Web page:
This Holiday, Give Yourself the Gift of Sleep!
The holidays are one of the busiest times of the year. If your schedule is packed with shopping, parties, family gatherings, and travel, don’t forget one of the most important factors to having a good time — getting enough sleep!
The correct amount of regular, restorative sleep has been found to help reduce stress and regulate mood, maintain mentally acuity, and help lose weight, among other benefits. Conversely, a consistent lack of quality sleep can lead to an inability to concentrate, headaches, and memory loss. Poor sleep can also compromise the nervous and immune systems, and has been linked to higher blood sugar levels, and other disorders.
A recent joint study by the Department of Forensic Molecular Biology at the Erasmus MC University Medical Center in Rotterdam and the University of Surrey Clinical Research Centre in England reveals that a severe lack of sleep creates a response in the immune system that is similar to the body’s immediate response when it experiences a stressful situation.
According to the researchers, the effect of sleep loss on white blood cells known as granulocytes showed a loss of day-night rhythmicity — in other words, the circadian rhythm of the granulocytes slowed — and their numbers also increased, particularly at night. This reaction directly mirrored the body’s white blood cell response to stress.
The results of the study are in line with other previous research that shows a link between lack of sleep and a negative immune system response. In March of this year, the University of Rochester Medical Center published results that showed that the immune system of older adults who do not get enough sleep responds to stress with inflammation, increasing the risk for mental and physical health problems.
These studies and others like them reinforce the fact that more quality, restful sleep not only helps us feel better — it may also help us avoid myriad poor mental and physical health conditions.
Be aware of the winter time blues
A sleep condition to be aware of during the winter months is seasonal affective disorder, also known as SAD, or “the winter time blues.” SAD is a very real form of depression that may affect six out of every 100 people in the U.S., according to the American Academy of Family Physicians.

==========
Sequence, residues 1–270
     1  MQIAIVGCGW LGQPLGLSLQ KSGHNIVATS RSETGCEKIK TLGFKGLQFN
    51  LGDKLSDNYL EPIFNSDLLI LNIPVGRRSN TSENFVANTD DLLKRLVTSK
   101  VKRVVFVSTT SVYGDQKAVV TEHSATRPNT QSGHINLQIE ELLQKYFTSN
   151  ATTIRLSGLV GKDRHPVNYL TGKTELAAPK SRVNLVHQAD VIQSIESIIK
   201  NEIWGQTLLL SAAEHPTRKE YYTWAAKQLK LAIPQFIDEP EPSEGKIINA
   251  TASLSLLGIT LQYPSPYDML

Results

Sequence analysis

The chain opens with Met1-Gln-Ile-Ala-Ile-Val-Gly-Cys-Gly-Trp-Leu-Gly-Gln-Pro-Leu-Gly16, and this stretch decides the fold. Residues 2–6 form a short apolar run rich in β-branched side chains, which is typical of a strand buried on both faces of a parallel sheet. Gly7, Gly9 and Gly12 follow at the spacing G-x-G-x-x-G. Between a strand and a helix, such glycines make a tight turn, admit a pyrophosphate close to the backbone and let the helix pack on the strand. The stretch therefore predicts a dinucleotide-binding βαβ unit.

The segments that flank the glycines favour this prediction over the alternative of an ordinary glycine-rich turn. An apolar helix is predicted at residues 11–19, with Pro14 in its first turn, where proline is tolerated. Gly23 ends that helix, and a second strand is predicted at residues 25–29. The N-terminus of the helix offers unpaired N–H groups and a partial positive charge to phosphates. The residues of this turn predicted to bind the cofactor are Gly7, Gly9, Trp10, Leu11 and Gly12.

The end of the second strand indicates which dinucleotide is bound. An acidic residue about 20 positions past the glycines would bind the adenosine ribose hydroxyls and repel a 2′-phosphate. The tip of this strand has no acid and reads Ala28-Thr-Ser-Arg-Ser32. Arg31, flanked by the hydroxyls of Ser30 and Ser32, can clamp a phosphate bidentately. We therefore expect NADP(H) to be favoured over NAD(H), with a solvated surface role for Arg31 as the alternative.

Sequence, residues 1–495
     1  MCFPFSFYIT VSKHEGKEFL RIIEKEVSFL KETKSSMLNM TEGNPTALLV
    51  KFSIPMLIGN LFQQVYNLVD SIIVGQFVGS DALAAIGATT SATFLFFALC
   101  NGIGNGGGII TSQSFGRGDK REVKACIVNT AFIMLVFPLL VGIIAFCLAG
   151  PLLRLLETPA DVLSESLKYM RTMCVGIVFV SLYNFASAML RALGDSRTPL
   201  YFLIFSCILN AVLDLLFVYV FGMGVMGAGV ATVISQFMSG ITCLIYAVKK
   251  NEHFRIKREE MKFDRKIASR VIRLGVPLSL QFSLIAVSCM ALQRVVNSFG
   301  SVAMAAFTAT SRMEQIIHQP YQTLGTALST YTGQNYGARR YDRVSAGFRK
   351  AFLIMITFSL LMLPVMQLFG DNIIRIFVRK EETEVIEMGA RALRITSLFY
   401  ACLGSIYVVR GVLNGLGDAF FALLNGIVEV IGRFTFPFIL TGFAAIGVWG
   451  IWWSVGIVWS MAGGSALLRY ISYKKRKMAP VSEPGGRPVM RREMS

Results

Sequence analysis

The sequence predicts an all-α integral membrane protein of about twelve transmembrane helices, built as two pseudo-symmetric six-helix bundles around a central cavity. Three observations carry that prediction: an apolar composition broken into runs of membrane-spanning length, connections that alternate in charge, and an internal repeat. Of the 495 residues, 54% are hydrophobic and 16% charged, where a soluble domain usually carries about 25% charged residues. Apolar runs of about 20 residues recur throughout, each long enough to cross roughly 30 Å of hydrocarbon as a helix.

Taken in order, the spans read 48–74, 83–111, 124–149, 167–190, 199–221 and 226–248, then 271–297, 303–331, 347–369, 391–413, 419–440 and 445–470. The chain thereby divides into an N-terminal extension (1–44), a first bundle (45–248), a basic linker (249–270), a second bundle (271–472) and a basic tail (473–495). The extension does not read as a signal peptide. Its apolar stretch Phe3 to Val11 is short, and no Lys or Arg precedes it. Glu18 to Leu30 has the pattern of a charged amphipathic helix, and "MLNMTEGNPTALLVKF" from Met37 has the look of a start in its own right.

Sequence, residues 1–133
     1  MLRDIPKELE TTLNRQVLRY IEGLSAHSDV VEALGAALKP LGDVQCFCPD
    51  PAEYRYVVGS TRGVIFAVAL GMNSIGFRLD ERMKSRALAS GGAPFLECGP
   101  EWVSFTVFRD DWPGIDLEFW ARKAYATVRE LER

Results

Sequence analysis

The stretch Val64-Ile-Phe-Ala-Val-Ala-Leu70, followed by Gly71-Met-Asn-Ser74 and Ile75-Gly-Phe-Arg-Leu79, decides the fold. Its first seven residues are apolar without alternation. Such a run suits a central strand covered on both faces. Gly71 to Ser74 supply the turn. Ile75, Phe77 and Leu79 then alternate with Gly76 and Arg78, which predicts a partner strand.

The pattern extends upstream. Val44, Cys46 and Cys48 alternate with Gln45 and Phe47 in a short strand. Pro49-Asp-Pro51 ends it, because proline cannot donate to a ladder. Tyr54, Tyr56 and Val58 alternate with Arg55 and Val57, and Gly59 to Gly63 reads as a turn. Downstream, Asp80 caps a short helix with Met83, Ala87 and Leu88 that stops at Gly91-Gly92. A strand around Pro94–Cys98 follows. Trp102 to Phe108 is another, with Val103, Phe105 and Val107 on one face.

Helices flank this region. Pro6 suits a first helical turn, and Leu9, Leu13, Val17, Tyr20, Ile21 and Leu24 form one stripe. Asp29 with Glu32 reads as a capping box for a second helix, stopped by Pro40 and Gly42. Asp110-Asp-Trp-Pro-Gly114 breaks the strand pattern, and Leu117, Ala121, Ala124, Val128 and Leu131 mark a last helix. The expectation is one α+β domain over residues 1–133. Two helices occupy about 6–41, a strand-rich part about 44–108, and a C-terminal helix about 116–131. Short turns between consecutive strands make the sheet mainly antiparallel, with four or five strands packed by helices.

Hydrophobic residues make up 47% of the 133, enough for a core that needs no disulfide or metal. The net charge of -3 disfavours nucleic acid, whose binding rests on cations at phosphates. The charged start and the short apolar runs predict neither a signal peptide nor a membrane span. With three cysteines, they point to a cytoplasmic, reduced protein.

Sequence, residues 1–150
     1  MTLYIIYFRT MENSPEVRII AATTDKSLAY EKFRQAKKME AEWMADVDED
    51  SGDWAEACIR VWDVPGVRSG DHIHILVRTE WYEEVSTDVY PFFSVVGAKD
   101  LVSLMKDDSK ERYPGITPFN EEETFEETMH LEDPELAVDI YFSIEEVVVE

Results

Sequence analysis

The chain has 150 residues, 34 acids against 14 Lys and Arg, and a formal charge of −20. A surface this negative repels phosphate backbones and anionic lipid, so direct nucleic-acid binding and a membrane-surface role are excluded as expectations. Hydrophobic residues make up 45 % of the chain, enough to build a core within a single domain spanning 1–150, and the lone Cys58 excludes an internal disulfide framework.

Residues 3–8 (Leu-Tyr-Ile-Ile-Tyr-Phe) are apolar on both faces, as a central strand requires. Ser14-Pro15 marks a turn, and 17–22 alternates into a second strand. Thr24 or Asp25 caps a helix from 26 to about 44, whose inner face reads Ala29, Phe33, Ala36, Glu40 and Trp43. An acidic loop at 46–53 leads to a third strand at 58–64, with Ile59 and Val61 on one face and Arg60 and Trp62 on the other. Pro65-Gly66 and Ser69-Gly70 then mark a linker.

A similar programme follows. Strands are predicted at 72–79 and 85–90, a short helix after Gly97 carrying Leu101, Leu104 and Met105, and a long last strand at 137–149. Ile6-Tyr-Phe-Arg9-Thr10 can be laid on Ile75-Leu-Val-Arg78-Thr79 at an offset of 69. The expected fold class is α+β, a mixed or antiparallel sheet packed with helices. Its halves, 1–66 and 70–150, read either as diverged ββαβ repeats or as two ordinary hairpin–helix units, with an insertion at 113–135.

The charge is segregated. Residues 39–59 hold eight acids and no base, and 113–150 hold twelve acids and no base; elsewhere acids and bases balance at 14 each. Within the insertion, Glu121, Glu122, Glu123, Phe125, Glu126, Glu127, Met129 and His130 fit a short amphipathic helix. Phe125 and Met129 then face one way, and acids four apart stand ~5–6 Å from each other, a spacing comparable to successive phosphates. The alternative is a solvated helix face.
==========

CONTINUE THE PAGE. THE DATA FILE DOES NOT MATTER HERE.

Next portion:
Symptoms of SAD generally manifest in late fall, when the days become shorter and colder, and people enjoy less natural sunlight. Symptoms include, but are not limited to, feelings of sadness, hopelessness and helplessness, lack of energy, loss of sexual interest and usual pleasurable activities, irritability and restlessness, cravings for carbohydrates and overeating (which can lead to weight gain and compound negative and depressive feelings), trouble concentrating, difficulty sleeping and/or insomnia and at the extreme end — thoughts of death or suicide.
Symptoms of SAD are usually most intense during the darkest months of the year, so it stands to reason that the farther a person lives from the equator, the higher the incidence of SAD occurs.
A person with SAD who suffers from sleep problems may go to sleep early and stay in bed for nine or ten hours, but not experience refreshing sleep. Because of a lack of restful sleep, people with SAD are often drowsy and have trouble concentrating and working during the day.
If you believe you are experiencing SAD-related depression and/or sleep disorders, please see a psychiatrist or sleep specialist about it. There are treatments such as morning light therapy that can offer some relief, so you don’t have to suffer unnecessarily through the winter blues.
Tips for a better night’s sleep
- Get more exercise. A study out of Oregon State University and published in the December 2011 issue of the Mental Health and Physical Activity journal suggests that regular physical exercise may encourage better sleep and less daytime fatigue.
- Maintain a regular sleep schedule. It’s important to go to sleep and wake up around the same time, even on weekends and during holiday breaks.
- Limit caffeine and alcohol. Limit caffeine intake, especially close to bed time. Also, a study published last November in the journal, Alcoholism: Clinical & Experimental Research found that the people who consumed alcohol fell asleep faster than those who did not consume alcohol, but as the night progressed, their sleep became shallow and disrupted, compared to the students who did not drink alcohol before they went to sleep.
- Make sure the bedroom isn’t too hot or cold. The ideal temperature for a good night’s sleep is somewhere around 65 degrees, according to many sleep experts.
- Dab some lavender oil on your pillow. According to a study by the College of Public Health Sciences, Chulalongkorn University in Bangkok, lavender oil caused significant decreases in blood pressure, heart rate and skin temperature in subjects who inhaled lavender oil instead of just base oil.
- Make your bed. Making our bed is more than a routine chore. A recent Bedroom Poll by the National Sleep Foundation found that many people believe clean, neat and comfortable elements of the bedroom are important to getting a good night’s sleep.
- Have a cup of decaf bedtime tea. Certain teas, specifically those containing chamomile, help relax and induce sleep. Look for brands that contain chamomile or with names like “sleepy time.”
- White noise may help. If you have difficulty falling asleep or staying asleep, white noise — a constant ambient sound such as waves — can reduce background noise and help you fall asleep.
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